Tuesday, January 12, 2010

Margherita Pizza

Ah, pizza.... I don't typically consider "pizza" to be recipe territory; however, this particular pizza was (1) specifically requested and (2) lead me down a little road of history.

I don't know about the rest of the world, but when I hear something pronounced \mär-gə-ˈrē-tə\ I think of tequila, limes, and salt. Maybe that says something about me personally, but that's not what I'm here to discuss. I've had (and made) Margherita Pizza many times before without giving much thought to the name, but this time I was curious.

In the small amount of research I did, I re-discovered that pizza originated in Greece. The tomato sauce didn't happen until quite a bit later. In Italy, pizza was simply a flat bread (what we would consider to be just the crust) that the peasants ate. It was cheap and filling....the poor main's dream food. Sometime in the late 1800s, Queen Margherita of Italy discovered these flat breads as she toured her kingdom and fell in love with them. Although she was frowned upon for dining on peasant fare, she did as a queen would and ignored the masses. She invited Chef Rafaelle Esposito to the palace to create a pizza just for her. He came up with the tomato, mozzarella, and basil toppings to represent the flag colors of Italy, and thus the Margherita Pizza was born.

So, I learned something new and got to cook. I hope you enjoy my variation presented here. Being the lazy individual that I am, I prefer to buy pre-packaged pizza crusts; feel free to use your favorite recipe if you so desire. I added the red onion and olives as an option for two reasons: First and foremost, they are delicious, and secondly as an homage to the Greek origins of the pizza.

Margherita Pizza

2 8" pizza crusts, prepared
3 tbs light olive oil
1/2 medium yellow onion, diced
2 tbs parsley, chopped
1 large clove garlic, minced
1 tbs fresh oregano, minced (or 1 tsp dry oregano leaves)
1 28oz can whole peeled tomatoes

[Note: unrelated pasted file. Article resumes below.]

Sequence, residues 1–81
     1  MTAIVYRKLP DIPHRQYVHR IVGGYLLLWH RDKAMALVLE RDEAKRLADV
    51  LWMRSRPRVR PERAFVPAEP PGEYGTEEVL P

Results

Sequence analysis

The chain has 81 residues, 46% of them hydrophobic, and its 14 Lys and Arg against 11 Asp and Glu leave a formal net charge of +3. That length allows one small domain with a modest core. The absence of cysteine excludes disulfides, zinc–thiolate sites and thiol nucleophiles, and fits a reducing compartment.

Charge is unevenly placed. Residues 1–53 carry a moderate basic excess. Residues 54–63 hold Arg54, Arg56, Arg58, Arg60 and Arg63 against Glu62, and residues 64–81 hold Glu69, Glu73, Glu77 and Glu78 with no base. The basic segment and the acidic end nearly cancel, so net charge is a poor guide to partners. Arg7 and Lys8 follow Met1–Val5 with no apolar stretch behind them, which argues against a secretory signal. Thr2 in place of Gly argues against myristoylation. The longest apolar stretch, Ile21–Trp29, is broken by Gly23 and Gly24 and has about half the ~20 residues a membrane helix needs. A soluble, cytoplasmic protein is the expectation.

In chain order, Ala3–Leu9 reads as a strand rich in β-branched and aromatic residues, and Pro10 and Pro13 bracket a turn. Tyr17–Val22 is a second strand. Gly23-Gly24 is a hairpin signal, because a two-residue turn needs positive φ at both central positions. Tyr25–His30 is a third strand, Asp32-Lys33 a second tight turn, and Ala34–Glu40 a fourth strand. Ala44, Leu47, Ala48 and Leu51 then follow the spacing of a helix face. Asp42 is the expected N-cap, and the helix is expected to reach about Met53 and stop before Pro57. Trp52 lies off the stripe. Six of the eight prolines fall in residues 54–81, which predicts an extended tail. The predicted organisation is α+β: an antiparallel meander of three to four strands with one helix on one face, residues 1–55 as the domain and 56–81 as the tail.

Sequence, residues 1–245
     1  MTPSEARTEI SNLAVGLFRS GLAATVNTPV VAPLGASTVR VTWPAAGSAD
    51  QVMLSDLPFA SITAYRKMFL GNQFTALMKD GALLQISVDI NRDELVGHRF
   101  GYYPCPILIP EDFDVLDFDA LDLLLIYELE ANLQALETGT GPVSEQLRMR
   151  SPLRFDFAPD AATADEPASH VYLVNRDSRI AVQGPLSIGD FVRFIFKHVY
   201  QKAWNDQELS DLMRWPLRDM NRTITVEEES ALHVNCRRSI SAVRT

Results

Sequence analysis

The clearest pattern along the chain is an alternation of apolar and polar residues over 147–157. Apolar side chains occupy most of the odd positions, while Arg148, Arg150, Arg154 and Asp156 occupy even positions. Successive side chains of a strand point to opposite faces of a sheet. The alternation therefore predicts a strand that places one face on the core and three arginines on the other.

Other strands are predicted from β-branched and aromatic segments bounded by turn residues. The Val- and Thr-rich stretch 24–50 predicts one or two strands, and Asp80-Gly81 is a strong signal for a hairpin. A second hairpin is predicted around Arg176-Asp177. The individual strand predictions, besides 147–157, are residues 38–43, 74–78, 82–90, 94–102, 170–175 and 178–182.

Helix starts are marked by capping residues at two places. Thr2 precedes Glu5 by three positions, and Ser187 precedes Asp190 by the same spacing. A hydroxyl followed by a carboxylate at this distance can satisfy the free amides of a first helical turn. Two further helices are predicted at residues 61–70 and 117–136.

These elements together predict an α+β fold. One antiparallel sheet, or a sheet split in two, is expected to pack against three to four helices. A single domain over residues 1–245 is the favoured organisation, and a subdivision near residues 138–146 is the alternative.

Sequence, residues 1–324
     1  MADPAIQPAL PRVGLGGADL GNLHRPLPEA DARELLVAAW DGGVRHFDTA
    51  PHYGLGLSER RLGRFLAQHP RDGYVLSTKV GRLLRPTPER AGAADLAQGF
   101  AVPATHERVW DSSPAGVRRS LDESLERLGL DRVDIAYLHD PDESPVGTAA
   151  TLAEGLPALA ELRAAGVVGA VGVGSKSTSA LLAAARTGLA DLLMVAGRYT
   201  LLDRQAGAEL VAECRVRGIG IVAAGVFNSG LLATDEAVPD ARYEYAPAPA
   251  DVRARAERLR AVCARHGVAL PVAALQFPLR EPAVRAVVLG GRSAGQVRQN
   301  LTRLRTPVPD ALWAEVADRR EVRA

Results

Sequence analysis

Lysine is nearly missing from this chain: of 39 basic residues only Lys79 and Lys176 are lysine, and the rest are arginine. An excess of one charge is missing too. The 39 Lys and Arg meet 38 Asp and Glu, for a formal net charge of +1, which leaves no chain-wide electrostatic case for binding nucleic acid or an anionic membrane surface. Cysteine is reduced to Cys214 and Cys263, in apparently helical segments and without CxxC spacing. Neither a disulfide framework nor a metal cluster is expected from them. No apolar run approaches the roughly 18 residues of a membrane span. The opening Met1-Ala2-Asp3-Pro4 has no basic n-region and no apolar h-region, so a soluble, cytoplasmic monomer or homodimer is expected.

1 tbs sugar
1/2 tsp crushed red pepper flakes
1/2 cup packed fresh basil leaves, torn
8 oz fresh mozzarella, thinly sliced
1/4 med red onion, thinly sliced
1/4 c greek olives, pitted and coursely chopped
Freshly ground black pepper and salt

Preheat oven to 450F.

In a med sauce pan over med-high heat, heat 2 tablespoon oil. Sauté onion and parsley to golden; reduce heat to med and stir in garlic and oregano. Sauté for another minute.

Add tomatoes, crushing them as they go into the pan (Important: Do not use pre-crushed tomatoes!). Stir in sugar and red pepper flakes. Boil, stirring, 15 minutes or until thick. Salt and pepper to taste.

Spread half the sauce over each prepared crust. Divide basil, mozzarella, red onion (if desired), and olives (if desired) between the two pizzas. Sprinkle with a generous amount of fresh cracked black pepper and a pinch of sea salt; drizzle with 1/2 tbs olive oil per pizza.

Bake 10-15 minutes, or until mozzarella is melted and slightly browning. Serves 4-6.


  1. Excellent history lesson! I'm glad I'm not the only person who enjoys dorky facts like that :]

    What brand of crust do you like?

  2. For a saucy pizza, I prefer Boboli Thin. It's sturdy enough to stand up to all the liquid, yet not so thick that it over-powers the toppings. When making less saucy pizzas such as pesto or hummus based, I prefer something like whole wheat pita or even flat bread (baked first so it has a nice crunch to it). I've even used leftover puri or naan from visits to Indian restaurants (rarely, though, since I have a hard time NOT eating it!). I've made pizza crust before, and frankly it's just not worth it. Although, I still need to experiment with making a quinoa and lentil crust....hmmm....

  3. i've always wondered where 'margherita' came from.... 'what is that? is it a place? a person? a kind? Now I know..... thanks to you!! i think there are a lot of peasant/flat bread stories of origination...... every organic indigenous group seems to have their own version of scooping, piling stuff on something bread'ish and flat.................

    I guess there's a pretty hardcore pizza dude in portland...... takes crust super serious and gets angry at crust ignorance...... speaks of balancing crisp, bubble, stretch and flake.......... sounds like a good reason to visit PNW.........

    damn. it's only 8:30 and I'm ready for pizza.......